Overview: Based on a real-life investigation files of Ed and Lorraine Warren; the two paranormal investigators must help a family victimized by a malevolent spirit. New Line Cinema; 2013; Rated R; 112 Minutes.
Corrective Measure: That doll in the expository narrative? That vile, gnarled plaything that haunts its owners? In real life, that was a Raggedy Ann doll. The story recounted by the actual Rhode Island family that is subject in this film—the story allegedly kept secret for thirty years—doesn’t contain full-figured ghostly entities or attacks, just dreadful feelings and “apparitions.” And, frankly stated, the Warrens were just con-artists preying on people’s mortal insecurity and grieving.
Why That Matters: The easiest rebuttal to that, of course, is that horror movies can’t be accurate to reality or they stop being scary. People go to horror movies to be made afraid. That’s all well and good if we’re content clearing lowered bars. Gifted horror direction, however, could have made the Raggedy Ann doll scary, or could have probed into the questionable intention of the Warren family in a way that enhanced a frightening narrative. Jump scares, this movie’s one repetitive technique, are just one sort of fright afforded to us by movie going experiences. But they are the easiest form of delivery, if you’ll excuse the athletic metaphor: they are the uncontested layup. We wouldn’t celebrate a ticket paid to watch basketball and accept audience to a lay-up drill. Really good horror provides the jumps as an entry point, then goes deeper—slaps the nerve endings and then rides the nerve all the way to the brain, where it menaces and upsets after the movie ends. Great horror is residual, haunting, scarring. In five years, I won’t be able to remember the difference between Insidious, this, or any other formulaic offering.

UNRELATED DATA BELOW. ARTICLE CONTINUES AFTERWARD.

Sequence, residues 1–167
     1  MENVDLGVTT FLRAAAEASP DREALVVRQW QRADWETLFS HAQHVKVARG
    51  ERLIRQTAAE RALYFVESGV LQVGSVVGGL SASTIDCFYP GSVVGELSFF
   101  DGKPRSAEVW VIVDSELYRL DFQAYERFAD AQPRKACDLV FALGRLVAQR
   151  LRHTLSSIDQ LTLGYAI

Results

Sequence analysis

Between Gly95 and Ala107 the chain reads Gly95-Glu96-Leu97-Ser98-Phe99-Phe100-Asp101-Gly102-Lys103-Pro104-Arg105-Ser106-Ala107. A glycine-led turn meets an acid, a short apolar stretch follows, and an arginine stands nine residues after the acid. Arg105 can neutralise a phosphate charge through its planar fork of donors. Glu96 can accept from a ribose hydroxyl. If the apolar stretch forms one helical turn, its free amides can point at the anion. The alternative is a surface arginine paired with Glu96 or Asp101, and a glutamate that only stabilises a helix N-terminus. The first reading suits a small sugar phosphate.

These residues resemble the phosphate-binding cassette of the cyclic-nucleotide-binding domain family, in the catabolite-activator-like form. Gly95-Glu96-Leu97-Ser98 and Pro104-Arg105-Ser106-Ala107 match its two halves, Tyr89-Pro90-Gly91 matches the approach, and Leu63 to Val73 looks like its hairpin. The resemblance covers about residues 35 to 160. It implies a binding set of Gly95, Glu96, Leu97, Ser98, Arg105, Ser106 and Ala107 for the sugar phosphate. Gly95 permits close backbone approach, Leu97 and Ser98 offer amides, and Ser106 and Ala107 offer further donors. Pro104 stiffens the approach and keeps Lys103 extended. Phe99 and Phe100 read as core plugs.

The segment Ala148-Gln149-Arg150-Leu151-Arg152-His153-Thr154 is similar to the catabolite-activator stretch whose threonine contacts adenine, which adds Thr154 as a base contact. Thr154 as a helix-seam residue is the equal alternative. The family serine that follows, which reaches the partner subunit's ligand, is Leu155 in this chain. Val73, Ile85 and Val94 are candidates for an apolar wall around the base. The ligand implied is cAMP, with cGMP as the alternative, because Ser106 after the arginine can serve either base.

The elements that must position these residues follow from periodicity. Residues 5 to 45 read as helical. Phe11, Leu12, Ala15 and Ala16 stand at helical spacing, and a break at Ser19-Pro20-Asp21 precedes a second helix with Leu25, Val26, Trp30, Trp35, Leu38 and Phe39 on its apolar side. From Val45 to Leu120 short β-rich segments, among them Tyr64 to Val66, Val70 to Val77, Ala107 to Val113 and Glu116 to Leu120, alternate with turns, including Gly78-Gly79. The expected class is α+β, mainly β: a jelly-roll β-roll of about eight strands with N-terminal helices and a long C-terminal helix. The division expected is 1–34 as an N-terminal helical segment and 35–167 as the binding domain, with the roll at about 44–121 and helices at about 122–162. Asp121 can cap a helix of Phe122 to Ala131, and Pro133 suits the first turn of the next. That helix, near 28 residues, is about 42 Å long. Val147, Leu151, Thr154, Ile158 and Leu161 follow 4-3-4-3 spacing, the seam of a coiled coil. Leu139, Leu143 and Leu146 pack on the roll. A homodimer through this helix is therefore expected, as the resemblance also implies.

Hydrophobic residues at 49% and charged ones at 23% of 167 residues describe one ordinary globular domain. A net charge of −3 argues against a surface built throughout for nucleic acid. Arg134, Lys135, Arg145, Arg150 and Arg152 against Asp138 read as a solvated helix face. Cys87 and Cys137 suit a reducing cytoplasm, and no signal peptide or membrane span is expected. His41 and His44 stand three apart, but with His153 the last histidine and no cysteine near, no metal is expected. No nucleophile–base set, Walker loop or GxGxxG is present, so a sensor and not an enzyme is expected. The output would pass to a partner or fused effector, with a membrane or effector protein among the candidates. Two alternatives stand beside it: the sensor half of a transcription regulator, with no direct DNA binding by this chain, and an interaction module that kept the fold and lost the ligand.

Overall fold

In Fairness: My objection to this movie isn’t that it’s horrible. It isn’t. It’s certainly James Wan’s best and one of the few decent exercises in horror of 2013. My objection is that it’s celebrated, that Wan is held as a standard of low-budget horror accomplishment and yet this is the best we have from him. Horror is the hardest type of film to make great, but it is also the best type of film to explore the roots of human nature. We won’t get that until we demand it.
Additional: The worst side effect of Wan’s reputed limited budgets has to be his condensed production cycle. His scenes often feel constructed of limited takes, etched together out of the best that time permitted. Here, that stifles quite a collection of acting talent.
Overall: The Conjuring is a mildly entertaining, by-the-book haunting story built to appease horror fans’ satisfaction with mediocrity and cheap scares.
Grade: C +